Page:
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View from the Hill

Congressman chats with Generation Opportunity on youth voters and the Republican Party

Following a series of tight election results nationwide, Evan Feinberg, president of Generation Opportunity, and U.S. Rep. Rob Woodall, a Republican from Georgia, sat down on Monday to discuss why the Republican Party appeals to youth voters — providing specific analysis of North Carolina's election results.

David Pasch, spokesman for Generation Opportunity, a Washington, D.C.-based conservative youth advocacy group, blogged Nov. 5 that aside from results in Arkansas, youth voters aged 18 to 24 were more likely to support the Republican Party than voters aged 25 to 29.

The organization also reported Hagan winning the youth vote 53 to 39 percent, in comparison with the 71 to 24 percent breakdown in her first Senate election in 2008.

“This confirms a trend we observed in 2012 and 2013: first time voters who supported Barack Obama in 2008 have been somewhat loyal to his party, while their younger siblings and those who came of voting age during the Obama presidency have largely turned away from Democrats in the face of crippling student loan and the highest sustained youth unemployment levels since World War II,” Pasch wrote in the post.

Kathryn Walker, president of the UNC College Republicans, attributed Republican successes among youth to the overall ideology of the party, as well as student opposition to Democrats' view of healthcare.

“I think Republican ideals in general are good for America and good for young voters,” Walker said.

Woodall’s conversation with Feinberg on Monday emphasized a transition of the youth vote to the Republican Party, citing their experiences with hardship as driving factors.

“The real-world impact of a generation of voters that know what it’s like to struggle is bringing them to the Republican Party,” Woodall said. “If you believe that the core structure of American government isn’t the U.S. capitol but is the American family ... it is amazing to think about what it’s going to mean for this country to have folks of those priorities.”

Feinberg said that overall, millennials seem to be a generation disillusioned with current policies and political decisions.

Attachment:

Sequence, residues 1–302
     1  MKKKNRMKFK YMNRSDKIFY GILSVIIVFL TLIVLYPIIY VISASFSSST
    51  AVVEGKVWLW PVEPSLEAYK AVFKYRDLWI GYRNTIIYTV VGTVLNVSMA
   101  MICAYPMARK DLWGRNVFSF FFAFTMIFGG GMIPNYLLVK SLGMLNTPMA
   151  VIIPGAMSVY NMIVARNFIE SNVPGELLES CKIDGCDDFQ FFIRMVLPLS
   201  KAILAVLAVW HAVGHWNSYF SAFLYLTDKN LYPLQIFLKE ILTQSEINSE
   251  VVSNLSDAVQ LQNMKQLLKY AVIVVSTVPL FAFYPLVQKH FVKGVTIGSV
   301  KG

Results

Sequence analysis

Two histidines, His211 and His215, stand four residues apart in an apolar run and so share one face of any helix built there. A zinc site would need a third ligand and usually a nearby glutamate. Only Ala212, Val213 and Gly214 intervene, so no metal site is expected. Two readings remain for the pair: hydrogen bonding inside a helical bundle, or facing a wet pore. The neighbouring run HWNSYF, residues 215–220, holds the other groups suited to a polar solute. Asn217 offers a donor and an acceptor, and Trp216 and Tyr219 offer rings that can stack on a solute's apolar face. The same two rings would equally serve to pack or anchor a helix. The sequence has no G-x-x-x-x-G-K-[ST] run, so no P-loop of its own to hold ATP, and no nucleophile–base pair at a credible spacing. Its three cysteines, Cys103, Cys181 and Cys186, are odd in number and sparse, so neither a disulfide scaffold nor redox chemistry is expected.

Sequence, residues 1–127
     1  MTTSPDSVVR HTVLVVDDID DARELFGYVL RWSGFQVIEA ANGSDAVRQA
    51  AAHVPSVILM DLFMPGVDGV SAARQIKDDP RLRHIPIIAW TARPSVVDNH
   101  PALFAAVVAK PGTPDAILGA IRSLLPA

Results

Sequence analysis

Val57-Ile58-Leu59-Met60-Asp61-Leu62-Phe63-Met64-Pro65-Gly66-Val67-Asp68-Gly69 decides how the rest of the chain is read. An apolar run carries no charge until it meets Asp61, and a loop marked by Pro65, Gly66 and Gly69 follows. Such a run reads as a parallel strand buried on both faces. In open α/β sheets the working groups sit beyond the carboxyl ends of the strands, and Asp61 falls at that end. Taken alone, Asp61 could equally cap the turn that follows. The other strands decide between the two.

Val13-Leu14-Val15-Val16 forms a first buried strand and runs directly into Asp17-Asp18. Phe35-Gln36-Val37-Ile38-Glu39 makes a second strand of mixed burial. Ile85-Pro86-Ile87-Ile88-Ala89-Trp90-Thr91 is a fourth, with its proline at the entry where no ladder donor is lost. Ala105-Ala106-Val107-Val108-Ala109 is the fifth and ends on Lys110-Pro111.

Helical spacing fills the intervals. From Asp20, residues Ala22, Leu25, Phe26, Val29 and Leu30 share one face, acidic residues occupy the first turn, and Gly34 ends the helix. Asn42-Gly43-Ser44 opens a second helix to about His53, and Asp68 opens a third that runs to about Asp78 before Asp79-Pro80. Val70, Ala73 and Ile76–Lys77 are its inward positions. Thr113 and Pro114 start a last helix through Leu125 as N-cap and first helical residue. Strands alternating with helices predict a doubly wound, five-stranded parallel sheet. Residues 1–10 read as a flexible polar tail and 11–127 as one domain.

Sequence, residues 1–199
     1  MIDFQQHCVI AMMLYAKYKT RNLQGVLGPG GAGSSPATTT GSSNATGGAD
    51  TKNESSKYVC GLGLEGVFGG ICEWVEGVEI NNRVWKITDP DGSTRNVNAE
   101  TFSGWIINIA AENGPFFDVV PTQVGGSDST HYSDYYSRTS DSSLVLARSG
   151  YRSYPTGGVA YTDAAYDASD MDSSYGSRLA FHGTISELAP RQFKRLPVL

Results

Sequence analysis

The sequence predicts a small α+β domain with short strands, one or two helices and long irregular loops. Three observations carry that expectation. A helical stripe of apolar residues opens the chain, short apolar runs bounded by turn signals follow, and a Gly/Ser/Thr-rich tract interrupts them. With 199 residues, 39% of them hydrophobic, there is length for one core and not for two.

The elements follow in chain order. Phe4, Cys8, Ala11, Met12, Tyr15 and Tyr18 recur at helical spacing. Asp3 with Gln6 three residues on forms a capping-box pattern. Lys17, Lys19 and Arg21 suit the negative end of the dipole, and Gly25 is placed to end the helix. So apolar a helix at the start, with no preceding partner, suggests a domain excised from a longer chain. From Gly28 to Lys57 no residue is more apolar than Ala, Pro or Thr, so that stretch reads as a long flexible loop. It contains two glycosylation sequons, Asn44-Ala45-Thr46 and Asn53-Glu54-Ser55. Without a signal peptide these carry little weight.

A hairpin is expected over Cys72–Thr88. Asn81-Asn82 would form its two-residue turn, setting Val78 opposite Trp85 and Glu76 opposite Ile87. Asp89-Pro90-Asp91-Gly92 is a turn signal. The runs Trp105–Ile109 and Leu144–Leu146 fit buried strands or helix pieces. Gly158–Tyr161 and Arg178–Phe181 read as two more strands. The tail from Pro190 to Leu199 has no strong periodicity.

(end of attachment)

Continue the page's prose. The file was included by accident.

“We blame the President’s policies for all of the government spending that certainly hasn’t helped us and the bills being left to us,” he said. “(Millennials) were the most supportive demographic of Obamacare of any, and now they’re ranked down there in the low 40s."

Woodall said that the cure to disillusionment was for youth to involve themselves in the policy end of the political world.

“Find somebody who is failing and find someone you believe in, and replace failure with opportunity and that difference is going to last a lifetime,” he said.

In response to the Affordable Care Act — which, according to a Gallup poll conducted Nov. 6-9, has just a 37 percent approval rating — Woodall also expressed the role of millennials in shaping policy.

“It’s not enough for folks to criticize,” he said. “You’ve got to criticize and have alternatives. That’s what the millennials demand of us, and we’re the better for it.”

The newly Republican-controlled Congress faces an objective distinct from the last couple of decades in revising policies and perspectives, Woodall said.

“More than half of the Congress is young people in terms of tenure on Capitol Hill, so we’ve never seen good legislating,” he said. “We’ve got to do legislation process 101, and the Republican Study Committee plays a huge role in making sure that doesn’t gravitate as far to the left.”

Woodall ultimately said the power to influence and dictate policies in the long term remain with youth.

“Millennials are in the driver’s seat of deciding where America goes,” he said.

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